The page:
Saturday, February 11, 2017

Some thoughts about the armature and the adhesion of putty



Ensuring the adhesion of crude putty on an armature is one of the recurrent potential pitfalls, early in the process of sculpting a miniature.


A method that was commonly used by Rackham sculptors, is to use Green Stuff (GS) as a "glue" between the armature and the Fimo putty they were using: a thin layer of crude GS (which is very sticky) is layed on the armature and a first layer of crude Fimo is layed upon it while still crude. Considering the low adhesion power of Fimo and the finesse of the Rackham minis, this is an interesting option.

I've used this technique for a while, but came across many trouble: air bubles, large cracks, not always very handy, sometimes cumbersome on larger minis, works less well with older GS, ... I never really knew why I had so much trouble (large cracks...), but since I stopped using GS, it's much better.

Another good reason of avoiding GS is when you bake your minis in your domestic oven: there is no info about how toxic it can be. For the same reason, I try not to use any type of glue on a mini that still has to go into the oven (cyano glues contain cyanide for example...).

Hence, I've developed a few tricks to make the adhesion easier. They are valid both for small and large minis, with both thick or slender parts:

Example of the use of 2 twisted wires to constitute most of the armature. I also use this technique to create small structures with the right shape to create some specific volumes later, like the hands (with loops), the head (with a loop or a "ball"), the ribcage, etc... .
Example of a thin wire twisted around the main armature, made out of a thicker wire. The picture also shows the loop for the head armature, and the "ball" for the chest.

- as much as possible, I twist the wires of the armature, which makes it much easier for the adhesion of any kind of putty. Either I use 2 (or more) wires twisted around each other as my armature, or I start from a single wire (with the right thickness) and I twist a very thin wire around it to create areas for a stable grip. This trick helps a lot.

Example of cores on a rather small and slender mini. In this case, I wanted to keep the arms very thin, so I didn't put any preparatory layer on them. Instead, I use the cores of the hands and on the chest as stable anchor points to start putting putty on the arms.
Example of cores on a larger miniature with bigger volumes. Here, I wanted to be able to adjust the pose of the mini up to some point, so I've left all the articulations free.



Example on Helltoy V2. (1) Creation of a simple armature for the body, with wires twisted at the level of the chest, and a loop for the head. (2) Addition of the cores: one for the head, one for the chest and thin layers on the bottom of the leg. Laying putty on this kind of wire is not easy, so I do it only where it has a bigger impact, and where it is easier (like straight parts). (3) The mini is created step by step. The putty around the hips is stabilized indirectly by the cores of the chest and of the lower parts of the legs.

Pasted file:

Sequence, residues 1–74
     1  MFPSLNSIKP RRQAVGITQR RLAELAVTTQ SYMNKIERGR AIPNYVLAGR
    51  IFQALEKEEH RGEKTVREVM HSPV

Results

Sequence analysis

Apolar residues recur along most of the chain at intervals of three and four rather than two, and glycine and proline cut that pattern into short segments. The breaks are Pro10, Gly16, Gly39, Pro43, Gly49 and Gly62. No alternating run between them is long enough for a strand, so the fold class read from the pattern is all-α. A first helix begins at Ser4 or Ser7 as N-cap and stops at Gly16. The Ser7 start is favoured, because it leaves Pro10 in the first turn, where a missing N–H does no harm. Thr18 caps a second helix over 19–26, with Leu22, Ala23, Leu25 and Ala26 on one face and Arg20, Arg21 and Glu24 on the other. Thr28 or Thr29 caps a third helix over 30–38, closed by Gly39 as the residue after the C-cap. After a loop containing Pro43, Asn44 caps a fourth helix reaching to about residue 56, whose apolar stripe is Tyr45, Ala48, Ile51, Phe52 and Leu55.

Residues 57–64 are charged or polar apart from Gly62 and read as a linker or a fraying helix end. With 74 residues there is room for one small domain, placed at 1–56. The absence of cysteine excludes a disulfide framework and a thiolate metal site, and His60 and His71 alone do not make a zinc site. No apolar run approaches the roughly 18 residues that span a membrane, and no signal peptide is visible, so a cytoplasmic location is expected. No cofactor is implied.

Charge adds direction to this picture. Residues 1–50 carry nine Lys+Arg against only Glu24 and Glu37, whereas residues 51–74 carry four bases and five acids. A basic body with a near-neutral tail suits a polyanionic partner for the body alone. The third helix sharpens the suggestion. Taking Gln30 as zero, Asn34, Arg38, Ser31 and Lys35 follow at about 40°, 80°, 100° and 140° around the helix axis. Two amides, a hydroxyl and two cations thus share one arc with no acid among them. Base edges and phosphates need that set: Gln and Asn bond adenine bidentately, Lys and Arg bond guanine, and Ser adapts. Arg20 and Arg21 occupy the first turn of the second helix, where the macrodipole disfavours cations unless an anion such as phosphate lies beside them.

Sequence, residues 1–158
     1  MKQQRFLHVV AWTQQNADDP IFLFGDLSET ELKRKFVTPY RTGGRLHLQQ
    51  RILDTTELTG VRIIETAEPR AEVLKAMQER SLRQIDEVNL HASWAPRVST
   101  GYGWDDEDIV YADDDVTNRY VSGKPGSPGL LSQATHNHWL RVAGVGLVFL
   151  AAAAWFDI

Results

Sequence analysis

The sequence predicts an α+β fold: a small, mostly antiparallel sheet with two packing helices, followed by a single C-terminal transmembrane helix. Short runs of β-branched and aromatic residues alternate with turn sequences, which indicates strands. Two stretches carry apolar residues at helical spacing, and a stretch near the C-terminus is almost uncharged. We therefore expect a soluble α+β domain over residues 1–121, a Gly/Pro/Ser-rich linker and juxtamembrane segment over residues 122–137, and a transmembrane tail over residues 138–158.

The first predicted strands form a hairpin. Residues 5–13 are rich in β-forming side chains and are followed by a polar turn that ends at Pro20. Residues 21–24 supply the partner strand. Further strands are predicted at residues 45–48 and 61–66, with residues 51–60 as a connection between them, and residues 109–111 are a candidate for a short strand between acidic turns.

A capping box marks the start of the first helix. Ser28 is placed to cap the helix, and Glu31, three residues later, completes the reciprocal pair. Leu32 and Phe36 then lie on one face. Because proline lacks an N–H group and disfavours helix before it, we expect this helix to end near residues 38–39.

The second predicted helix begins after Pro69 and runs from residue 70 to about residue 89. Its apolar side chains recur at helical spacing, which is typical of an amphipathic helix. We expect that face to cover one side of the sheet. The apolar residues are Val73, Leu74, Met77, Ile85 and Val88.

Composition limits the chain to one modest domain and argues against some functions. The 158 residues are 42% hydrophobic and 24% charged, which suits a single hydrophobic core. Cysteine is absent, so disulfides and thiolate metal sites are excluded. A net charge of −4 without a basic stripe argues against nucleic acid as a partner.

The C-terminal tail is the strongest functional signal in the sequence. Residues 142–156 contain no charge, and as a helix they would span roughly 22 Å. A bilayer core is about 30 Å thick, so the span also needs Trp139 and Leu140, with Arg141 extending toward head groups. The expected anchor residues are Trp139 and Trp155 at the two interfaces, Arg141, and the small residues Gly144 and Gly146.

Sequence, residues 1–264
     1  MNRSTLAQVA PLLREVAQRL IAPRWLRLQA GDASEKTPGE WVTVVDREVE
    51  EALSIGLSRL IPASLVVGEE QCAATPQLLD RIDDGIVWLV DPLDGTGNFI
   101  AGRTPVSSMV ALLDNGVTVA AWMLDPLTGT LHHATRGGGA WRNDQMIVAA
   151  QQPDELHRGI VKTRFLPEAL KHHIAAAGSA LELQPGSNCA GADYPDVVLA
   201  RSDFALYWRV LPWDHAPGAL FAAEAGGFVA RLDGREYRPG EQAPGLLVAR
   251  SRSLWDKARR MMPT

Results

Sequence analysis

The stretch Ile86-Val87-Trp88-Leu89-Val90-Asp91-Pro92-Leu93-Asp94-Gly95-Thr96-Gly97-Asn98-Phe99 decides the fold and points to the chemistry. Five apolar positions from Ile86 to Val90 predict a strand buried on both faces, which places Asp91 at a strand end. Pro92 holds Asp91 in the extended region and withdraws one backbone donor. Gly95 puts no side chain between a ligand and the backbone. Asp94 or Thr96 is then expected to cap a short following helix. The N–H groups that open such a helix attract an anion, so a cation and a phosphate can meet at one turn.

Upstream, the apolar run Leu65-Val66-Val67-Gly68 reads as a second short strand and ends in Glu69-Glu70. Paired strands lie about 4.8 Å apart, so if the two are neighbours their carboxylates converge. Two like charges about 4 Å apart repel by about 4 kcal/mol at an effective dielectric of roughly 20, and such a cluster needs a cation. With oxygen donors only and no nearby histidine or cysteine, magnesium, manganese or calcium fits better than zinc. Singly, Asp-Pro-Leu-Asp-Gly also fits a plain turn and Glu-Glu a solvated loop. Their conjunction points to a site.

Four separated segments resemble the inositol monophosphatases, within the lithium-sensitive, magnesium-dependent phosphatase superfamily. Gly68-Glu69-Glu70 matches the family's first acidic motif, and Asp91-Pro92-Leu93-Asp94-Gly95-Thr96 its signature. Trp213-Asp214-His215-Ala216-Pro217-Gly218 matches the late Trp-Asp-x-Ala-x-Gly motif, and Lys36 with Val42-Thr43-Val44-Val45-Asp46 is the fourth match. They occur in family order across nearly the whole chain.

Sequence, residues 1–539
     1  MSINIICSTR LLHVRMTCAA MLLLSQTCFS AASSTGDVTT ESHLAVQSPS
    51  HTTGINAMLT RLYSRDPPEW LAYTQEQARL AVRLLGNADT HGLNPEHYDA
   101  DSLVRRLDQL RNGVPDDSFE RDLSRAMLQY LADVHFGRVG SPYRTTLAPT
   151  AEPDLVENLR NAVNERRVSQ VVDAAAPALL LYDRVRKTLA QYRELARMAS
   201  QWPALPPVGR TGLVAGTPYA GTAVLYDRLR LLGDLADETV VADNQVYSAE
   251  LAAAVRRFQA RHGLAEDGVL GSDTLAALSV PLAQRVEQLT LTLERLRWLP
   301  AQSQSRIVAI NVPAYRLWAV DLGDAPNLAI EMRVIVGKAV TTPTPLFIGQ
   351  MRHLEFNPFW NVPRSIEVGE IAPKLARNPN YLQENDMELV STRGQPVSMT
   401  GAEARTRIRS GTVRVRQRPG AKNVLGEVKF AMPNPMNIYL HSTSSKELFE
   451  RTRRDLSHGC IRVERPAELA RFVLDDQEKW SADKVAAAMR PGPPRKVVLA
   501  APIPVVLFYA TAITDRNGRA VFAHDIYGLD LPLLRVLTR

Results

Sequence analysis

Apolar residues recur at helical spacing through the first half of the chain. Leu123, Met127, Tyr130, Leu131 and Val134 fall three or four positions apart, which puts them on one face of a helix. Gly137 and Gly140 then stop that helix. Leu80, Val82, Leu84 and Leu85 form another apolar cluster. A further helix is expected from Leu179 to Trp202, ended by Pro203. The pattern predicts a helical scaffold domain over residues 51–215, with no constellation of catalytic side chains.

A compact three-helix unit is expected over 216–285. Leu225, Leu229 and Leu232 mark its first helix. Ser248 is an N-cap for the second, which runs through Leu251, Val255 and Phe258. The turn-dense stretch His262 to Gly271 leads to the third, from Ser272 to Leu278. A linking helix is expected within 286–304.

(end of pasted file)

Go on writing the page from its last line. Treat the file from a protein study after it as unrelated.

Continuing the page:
Other example, this time a more chubby mini (B.O.S. of PC XII).

- I create cores as a complement to the armature (as explained in my other tutorials and WIPs; see here for example). They are very helpful for the adhesion of crude putty because of the larger and flatter surfaces they provide, and even much more if you scratch the surface of the cores (which I advise strongly!). They also provide a strong base for laying crude putty, hence an overall stability of the volumes during the sculpting process.



Illustration of how putty can be laid down in a progressive and stable fashion. More comments in the tutorial about sculpting a Skull Vato.

- in all cases, it is recommended to lay small bunches of putty, with the right shape. This is fundamental. A small quantity at a time, that you settle properly, making sure the adhesion is good, before you take care of the next bunch of putty. Otherwise, you'll face a good old domino effect sooner or later. Trying to set a big volume at once, especially directly on the armature, is an almost automatic failure. It is also better if you adapt the shape of the putty to ease the laying down of the neighbour bunch of putty, by creating a slight slope.

- The putty also makes a difference: a polymer putty that's a bit old will be less sticky in general. Sculpey Firm is much less sticky than Super Sculpey. Fimo is somewhere in between, depending on the type. Hence if you really want to work with Sculpey Firm, for example, you can start by using a mix of Sculpey Firm and Super Sculpey like you would have used GS, to ease the adhesion to the armature and to the cores, by providing a slightly sticky surface for the layers that will come on top of it. If I want to create cores, I will favor a softer putty like Super Sculpey used alone; if I want to create a base layer (crude), I will use a mix with a bit more of stiffness to it, to improve stability.
In all cases, according to me, it is very useful to use a different putty or mix of putty according to what you need to do.

- When discussing that topic on a forum, somebody also pointed out the possibility to scratch the armature with a file to improve the adhesion. If you try this, make sure to avoid the folds, where the wire is bent, as this might become a weak point, prone to break.

No comments:

Post a Comment